The FDA has not found an association between GLP-1 agonists and suicidal behavior.


The US Food and Drug Administration (FDA) has found no association between use of GLP-1 agonist drugs and suicidal behavior. The regulator analyzed reports of suicidal tendencies after taking medications for obesity and diabetes, and also examined data from clinical studies.

The FDA, in a preliminary evaluation, did not find an association between glucagon-like peptide-1 (GLP-1) receptor agonists and increased suicidality. This was reported by the Pharmaceutical Bulletin with reference to the website of the American regulator.

A detailed analysis of reports of suicidal behavior after taking drugs was carried out and the conclusion was made that there was no “clear relationship”. GLP-1 agonists are indicated for the treatment of diabetes and obesity. These include FDA-registered drugs Wegovy, Novo Nordisk’s Ozempic (semaglutide), and Eli Lilly’s Mounjaro and Zepbound (tirzepatide).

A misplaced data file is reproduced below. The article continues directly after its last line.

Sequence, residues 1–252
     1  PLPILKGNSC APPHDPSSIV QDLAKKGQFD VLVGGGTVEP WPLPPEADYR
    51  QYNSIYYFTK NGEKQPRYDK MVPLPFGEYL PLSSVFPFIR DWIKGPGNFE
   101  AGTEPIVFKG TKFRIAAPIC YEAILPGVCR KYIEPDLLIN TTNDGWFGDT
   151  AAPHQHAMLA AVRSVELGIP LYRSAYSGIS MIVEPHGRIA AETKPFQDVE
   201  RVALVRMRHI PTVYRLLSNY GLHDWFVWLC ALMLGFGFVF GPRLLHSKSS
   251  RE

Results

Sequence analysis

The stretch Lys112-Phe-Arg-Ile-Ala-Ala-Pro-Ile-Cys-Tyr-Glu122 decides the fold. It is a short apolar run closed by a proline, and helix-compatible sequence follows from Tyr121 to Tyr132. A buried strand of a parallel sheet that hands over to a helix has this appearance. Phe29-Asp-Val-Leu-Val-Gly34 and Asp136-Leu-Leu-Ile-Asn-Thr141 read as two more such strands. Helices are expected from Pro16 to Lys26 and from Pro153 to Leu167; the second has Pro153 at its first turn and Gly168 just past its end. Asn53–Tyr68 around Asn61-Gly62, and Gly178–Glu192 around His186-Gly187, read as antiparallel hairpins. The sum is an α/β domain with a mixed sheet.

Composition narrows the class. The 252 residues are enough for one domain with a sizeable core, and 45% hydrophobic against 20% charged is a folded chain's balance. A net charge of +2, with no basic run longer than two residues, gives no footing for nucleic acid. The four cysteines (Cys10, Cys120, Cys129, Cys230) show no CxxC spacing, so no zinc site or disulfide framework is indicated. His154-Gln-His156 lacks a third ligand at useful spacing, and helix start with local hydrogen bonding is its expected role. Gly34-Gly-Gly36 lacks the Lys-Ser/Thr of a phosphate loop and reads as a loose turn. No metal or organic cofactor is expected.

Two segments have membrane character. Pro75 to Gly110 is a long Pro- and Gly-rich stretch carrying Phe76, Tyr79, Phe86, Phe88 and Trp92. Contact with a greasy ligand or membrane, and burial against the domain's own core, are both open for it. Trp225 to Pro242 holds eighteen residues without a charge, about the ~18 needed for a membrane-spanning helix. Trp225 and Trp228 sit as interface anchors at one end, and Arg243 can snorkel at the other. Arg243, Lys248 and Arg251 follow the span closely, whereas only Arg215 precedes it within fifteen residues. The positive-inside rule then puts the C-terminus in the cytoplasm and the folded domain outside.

Data from clinical studies of GLP-1 agonists were also examined, which do not demonstrate an association between the drugs and the occurrence of suicidality in patients. However, the regulator “cannot definitively rule out the possibility that a negligible risk exists” due to the few cases of increased suicidality in patients taking drugs in this class.

Previously, the journal Nature Medicine published the results of a large study of drugs for obesity and diabetes. The risk of suicidal behavior was lower among patients taking GLP-1 agonists than among those taking other medications for obesity and diabetes.

The European Medicines Agency (EMA) has asked pharmaceutical companies for data on the safety of GLP-1 drugs. The review comes following reports from Iceland’s regulator of suicidal ideation and self-harm among patients taking anti-obesity and diabetes medications.



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